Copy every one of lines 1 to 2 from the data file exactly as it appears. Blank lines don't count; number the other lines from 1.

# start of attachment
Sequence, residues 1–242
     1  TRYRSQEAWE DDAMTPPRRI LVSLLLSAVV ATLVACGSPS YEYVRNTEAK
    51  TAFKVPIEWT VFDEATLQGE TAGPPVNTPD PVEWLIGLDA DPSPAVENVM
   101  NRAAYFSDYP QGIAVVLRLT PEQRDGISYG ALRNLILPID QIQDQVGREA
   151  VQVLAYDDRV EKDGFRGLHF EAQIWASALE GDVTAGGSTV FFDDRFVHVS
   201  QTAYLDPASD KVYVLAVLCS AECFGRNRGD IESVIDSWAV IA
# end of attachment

Sequence, residues 1–242
     1  TRYRSQEAWE DDAMTPPRRI LVSLLLSAVV ATLVACGSPS YEYVRNTEAK